ISSN 1470-3947 (print) | ISSN 1479-6848 (online)

Endocrine Abstracts (2018) 56 P324 | DOI: 10.1530/endoabs.56.P324

Dapagliflozin and Atkins Diet in a patient with type 2 Diabetes Mellitus: A combination that should be avoided

Maria Grammatiki1, Eleni Rapti1, Despina Dina1, Theocharis Koufakis1, Vasiliki Antonopoulou1, Xanthippi Tsekmekidou1, Maria Yavropoulou1, Spyridon Karras1, Pantelis Zebekakis2 & Kalliopi Kotsa1

1Diabetes Center, Department of Endocrinology and Metabolism, 1st Department of Internal Medicine, AHEPA University Hospital, Thessaloniki, Greece; 21st Department of Internal Medicine, AHEPA University Hospital, Thessaloniki, Greece.

Introduction: Prevalence of type 2 diabetes mellitus (T2DM) rises rapidly worldwide and most patients with T2DM are obese. All treatment algorithms advocate lifestyle modification and weight loss in combination with various therapeutic categories available for the treatment of T2DM, resulting in diet-antidiabetic drug combinations that are not always proper or safe for the patients.

Case presentation: A 73-year-old Caucasian man presented to the emergency department of our hospital with weakness and malaise gradually deteriorating over the previous 3 days, accompanied by anorexia, nausea and vomit tendency over the last 24 hours. He had a previous history of hypertension, diagnosed 15 years ago, currently treated with felodipine and metoprolol. He also had a history of T2DM diagnosed 10 years ago, currently treated with metformin, sitagliptin and dapagliflozin. Despite his poor general condition and his reduced food intake he continued all his medications. The patient was obese, struggling with several weight loss efforts over the last ten years. The week before admission to the hospital he had started an Atkins diet. Physical examination at the time of admission revealed signs of dehydration. Patient vitals were within normal range. His point-of-care blood glucose value was 143 mg/dl. He had moderate tenderness to palpation in the upper abdomen, while the remainder of the clinical examination was normal. On admission serum creatinine and uric acid were increased while the rest of the biochemical tests were normal. Estimated serum osmolality was 308 mOsm/kg. His arterial blood gas showed a pH 7.19, PCO2 of 34 mmHg, PO2 of 103 mmHg, bicarbonate of 13.5 mmol/l and an anion gap of 24 mEq/l. He had increased blood β-hydroxybutyric acid and urine ketones in the urine analysis. The diagnosis of euglycemic diabetic ketoacidosis (euDKA) was established and he was treated with intravenous fluids, glucose and insulin.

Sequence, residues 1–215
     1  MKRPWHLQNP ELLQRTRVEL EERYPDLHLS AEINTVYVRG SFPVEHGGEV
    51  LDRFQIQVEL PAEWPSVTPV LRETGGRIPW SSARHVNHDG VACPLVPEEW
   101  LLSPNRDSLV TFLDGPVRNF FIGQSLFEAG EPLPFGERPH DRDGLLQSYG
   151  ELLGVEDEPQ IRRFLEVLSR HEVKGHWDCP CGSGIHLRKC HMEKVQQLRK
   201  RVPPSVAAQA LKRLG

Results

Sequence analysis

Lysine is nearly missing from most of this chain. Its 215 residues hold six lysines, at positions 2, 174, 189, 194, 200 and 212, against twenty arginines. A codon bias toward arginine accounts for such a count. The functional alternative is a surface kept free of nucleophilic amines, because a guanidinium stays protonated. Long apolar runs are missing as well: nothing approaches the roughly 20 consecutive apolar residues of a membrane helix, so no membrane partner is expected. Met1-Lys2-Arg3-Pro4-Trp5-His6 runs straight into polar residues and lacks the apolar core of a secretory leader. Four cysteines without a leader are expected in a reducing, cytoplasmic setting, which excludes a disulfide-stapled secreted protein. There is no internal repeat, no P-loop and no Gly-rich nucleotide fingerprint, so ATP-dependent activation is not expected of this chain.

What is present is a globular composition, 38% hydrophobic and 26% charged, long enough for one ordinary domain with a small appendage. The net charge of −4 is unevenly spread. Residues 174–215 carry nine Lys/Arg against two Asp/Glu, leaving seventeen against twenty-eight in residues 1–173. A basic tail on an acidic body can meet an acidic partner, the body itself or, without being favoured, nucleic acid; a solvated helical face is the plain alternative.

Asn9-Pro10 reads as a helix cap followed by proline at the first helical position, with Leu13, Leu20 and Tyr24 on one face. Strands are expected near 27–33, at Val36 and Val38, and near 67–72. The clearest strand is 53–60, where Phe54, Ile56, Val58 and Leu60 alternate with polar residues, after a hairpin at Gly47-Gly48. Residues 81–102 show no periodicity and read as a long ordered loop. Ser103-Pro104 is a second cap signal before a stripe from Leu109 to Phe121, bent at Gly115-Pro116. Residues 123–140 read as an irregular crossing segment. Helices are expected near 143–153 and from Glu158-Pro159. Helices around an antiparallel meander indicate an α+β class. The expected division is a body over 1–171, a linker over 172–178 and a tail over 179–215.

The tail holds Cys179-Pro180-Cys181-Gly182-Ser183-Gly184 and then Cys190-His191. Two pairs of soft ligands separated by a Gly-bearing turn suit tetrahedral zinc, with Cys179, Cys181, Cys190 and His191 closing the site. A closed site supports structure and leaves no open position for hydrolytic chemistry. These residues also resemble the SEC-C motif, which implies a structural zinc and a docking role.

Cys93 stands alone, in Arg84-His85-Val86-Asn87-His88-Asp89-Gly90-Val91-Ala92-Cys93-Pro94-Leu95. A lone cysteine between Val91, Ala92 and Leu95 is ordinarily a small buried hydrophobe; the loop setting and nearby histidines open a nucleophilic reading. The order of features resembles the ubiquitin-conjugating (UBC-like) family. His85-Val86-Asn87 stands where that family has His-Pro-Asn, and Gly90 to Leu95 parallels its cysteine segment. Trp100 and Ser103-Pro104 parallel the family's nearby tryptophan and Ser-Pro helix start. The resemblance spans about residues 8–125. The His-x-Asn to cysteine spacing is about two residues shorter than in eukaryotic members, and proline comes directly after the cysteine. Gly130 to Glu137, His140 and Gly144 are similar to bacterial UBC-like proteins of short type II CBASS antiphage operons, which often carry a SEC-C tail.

Conclusions: Sodium-glucose cotransporter-2 (SGLT2) inhibitors lower plasma glucose and favour weight loss by promoting glycosuria and inhibiting glucose reabsorption. Low carbohydrate diets force the body into ketogenesis, causing a state of relative metabolic acidosis even in non-diabetic patients. This case indicates that these diets should be avoided in T2DM patients on SGLT2 inhibitor treatment, since both SGLT2 inhibitors and low carbohydrate diets (such as Atkins diet) can induce ketogenesis or even ketoacidosis in the presence of a triggering factor, reflecting a life-threatening ketogenic combination.